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Federal Regulations – FMCSA (An Overview)
Regulations quoted below are from 49 CFR Part 382 Subpart B as pertaining to drivers of commercial motor vehicles regarding controlled substance use.
- No driver “shall report for duty or remain on duty requiring the performance of safety-sensitive functions when the driver uses any controlled substance, except when the use is pursuant to the instructions of a licensed medical practitioner” who has advised the driver that the substance will not adversely affect the driver’s ability to safely operate a commercial motor vehicle.
- No employer “having actual knowledge that a driver has used a controlled substance shall permit the driver to perform or continue to perform a safety-sensitive function.”
- No driver “shall report for duty, remain on duty, or perform a safety-sensitive function if the driver tests positive for controlled substances”.
- No employer “having knowledge that a driver has tested positive for controlled substances shall permit the driver to perform or continue to perform safety-sensitive functions”.
Types of Tests Required
A pre-employment drug screen is required for driver applicants or current employees transferring to a CDL position. The employer must receive a verified negative drug screen before allowing any employee to perform safety-sensitive duties.
FMCSA requires random testing of safety-sensitive employees at a specific amount per year. This testing must be evenly spread throughout the year and the selection process must be made by a scientifically valid method. NTA, Inc.’s clients may choose a random selection frequency of weekly, monthly, quarterly, or annually. Our random selection lists are electronically generated by a computer program written to meet government standards. Each time a selection is made, every employee has an equal chance of being chosen.
Companies with 7 eligible employees or less may be placed in a consortium group. Consortiums are random testing pools that consist of drivers/employees from many different companies. Selection percentages are met by the entire consortium and are spread evenly throughout the year on a quarterly basis. Participants in the consortium must complete testing each quarter in order to be allowed to remain in the consortium. If they do not, they will be removed and set up as an independent group.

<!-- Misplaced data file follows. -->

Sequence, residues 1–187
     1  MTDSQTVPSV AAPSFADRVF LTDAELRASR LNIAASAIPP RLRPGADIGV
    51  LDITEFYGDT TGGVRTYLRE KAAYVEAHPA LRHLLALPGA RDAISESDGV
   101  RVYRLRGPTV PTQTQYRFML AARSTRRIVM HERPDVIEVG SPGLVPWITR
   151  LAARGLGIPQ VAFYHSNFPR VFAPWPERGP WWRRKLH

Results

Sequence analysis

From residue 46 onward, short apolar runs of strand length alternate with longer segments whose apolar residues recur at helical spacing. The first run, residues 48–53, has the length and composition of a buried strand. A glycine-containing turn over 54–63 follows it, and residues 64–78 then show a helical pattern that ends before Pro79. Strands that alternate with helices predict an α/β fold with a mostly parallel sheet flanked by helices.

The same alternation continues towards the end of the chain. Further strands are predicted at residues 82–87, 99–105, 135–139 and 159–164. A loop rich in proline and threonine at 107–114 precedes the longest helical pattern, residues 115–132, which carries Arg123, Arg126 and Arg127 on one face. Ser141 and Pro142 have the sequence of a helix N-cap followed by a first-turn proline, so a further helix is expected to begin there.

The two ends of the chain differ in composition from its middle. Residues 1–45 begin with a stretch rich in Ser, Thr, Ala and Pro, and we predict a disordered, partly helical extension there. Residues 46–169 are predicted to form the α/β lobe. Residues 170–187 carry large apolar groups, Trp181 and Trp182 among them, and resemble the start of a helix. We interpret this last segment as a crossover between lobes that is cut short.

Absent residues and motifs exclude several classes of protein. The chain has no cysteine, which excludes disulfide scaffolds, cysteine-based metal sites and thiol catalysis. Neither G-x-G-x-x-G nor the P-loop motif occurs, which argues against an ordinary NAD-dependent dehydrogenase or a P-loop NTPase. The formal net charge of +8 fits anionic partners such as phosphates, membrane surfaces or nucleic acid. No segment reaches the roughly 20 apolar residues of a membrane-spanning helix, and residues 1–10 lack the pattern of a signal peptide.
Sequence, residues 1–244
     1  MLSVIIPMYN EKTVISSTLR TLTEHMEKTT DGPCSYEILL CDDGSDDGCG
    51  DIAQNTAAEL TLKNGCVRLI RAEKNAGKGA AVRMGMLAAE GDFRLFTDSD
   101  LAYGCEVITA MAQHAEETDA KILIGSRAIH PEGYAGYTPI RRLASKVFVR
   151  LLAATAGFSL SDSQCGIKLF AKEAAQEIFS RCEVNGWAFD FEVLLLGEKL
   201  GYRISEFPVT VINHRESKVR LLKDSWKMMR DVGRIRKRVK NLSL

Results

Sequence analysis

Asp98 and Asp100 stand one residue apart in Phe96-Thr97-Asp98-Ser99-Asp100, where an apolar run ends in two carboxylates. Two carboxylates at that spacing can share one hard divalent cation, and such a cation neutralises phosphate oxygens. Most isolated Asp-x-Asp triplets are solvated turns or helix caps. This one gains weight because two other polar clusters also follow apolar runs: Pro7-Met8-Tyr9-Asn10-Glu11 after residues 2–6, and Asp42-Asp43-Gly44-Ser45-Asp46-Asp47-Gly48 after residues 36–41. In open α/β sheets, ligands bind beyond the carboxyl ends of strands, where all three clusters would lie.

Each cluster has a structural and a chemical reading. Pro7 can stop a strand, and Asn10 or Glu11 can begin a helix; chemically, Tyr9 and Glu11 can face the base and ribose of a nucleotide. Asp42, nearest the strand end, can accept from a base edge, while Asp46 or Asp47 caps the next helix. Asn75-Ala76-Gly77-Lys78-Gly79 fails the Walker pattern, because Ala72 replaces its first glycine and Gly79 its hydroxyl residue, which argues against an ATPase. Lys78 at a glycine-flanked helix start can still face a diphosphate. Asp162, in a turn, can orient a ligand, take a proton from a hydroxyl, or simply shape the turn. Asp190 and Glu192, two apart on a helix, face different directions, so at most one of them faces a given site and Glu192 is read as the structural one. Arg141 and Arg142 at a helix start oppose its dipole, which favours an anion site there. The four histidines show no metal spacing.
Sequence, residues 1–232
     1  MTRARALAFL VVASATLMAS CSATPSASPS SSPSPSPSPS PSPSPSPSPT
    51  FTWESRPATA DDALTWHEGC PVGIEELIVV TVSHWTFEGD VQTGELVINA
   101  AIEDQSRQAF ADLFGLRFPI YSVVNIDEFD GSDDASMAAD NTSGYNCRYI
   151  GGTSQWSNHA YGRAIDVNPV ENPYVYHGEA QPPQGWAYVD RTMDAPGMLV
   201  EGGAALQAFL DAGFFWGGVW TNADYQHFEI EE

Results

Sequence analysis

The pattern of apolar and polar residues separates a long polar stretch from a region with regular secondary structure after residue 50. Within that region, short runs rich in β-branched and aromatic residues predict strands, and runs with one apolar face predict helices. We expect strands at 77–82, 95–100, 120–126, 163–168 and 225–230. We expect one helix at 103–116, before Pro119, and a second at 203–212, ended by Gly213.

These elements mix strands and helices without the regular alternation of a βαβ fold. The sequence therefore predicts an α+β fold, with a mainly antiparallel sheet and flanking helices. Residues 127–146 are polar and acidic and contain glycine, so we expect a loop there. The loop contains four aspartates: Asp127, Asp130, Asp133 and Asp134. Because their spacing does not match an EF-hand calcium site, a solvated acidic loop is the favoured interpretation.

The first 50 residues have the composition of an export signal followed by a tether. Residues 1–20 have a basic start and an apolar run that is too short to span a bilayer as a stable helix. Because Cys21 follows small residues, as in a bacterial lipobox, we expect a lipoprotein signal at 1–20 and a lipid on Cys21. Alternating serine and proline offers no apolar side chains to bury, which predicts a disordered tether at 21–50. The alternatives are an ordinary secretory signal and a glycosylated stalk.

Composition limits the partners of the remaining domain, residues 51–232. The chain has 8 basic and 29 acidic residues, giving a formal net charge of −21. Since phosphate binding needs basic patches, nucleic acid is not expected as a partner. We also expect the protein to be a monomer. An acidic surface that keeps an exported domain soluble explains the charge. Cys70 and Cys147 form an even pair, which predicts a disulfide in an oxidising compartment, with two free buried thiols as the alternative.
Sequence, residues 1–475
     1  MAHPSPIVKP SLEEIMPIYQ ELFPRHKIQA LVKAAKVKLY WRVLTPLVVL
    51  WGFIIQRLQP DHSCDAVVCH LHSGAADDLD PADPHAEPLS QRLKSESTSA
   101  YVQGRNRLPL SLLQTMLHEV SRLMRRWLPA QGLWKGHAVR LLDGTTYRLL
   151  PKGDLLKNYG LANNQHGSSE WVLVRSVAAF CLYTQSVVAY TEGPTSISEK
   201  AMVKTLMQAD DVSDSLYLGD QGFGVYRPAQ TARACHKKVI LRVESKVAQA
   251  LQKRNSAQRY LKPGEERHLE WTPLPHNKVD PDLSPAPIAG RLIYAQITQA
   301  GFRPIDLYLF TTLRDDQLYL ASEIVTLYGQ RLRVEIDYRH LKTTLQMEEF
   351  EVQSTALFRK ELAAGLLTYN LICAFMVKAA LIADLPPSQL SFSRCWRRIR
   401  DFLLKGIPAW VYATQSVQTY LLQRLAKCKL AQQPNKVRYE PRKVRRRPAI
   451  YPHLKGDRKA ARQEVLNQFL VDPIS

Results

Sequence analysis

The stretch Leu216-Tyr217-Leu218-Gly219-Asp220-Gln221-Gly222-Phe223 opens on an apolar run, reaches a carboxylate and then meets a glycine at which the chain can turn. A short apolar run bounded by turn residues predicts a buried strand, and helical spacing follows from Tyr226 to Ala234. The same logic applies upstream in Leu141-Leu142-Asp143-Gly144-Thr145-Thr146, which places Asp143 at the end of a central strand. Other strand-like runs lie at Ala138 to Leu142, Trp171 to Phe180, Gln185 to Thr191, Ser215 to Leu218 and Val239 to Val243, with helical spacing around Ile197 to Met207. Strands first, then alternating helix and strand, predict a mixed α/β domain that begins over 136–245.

Post accident drug testing is required within 32 hours of an accident where any of the following have taken place:
- the accident involved a fatality regardless of fault
- any of the participants in the accident received bodily injury requiring immediate medical treatment away from the scene and the driver received a citation for a moving violation
- any vehicle involved received disabling damage requiring tow away and the driver received a citation for a moving violation
- NOTE: Medical attention is not to be delayed in order for these tests to be completed. If tests are not completed, the employer must have a reasonable explanation and document accordingly.
An employee is required to submit to reasonable suspicion testing when a *trained supervisor or company official has reason to believe that the employee has violated the prohibitions of CFR 382 subpart. The observations must be based on specific aspects concerning the appearance, behavior, speech, or body odors of the employee and must be documented accordingly.
*Supervisor Training Information
Return to Duty
Subsequent to completing treatment following a positive DOT drug or alcohol test, the SAP will release the driver to the employer and direct that a Return to Duty be conducted before an employee can return to safety-sensitive duties. The Return to Duty test must be collected be a trained collector using DOT’s Directly Observed Collection Procedures. The employer must receive a verified negative RTD test result before allowing the driver to resume safety sensitive functions.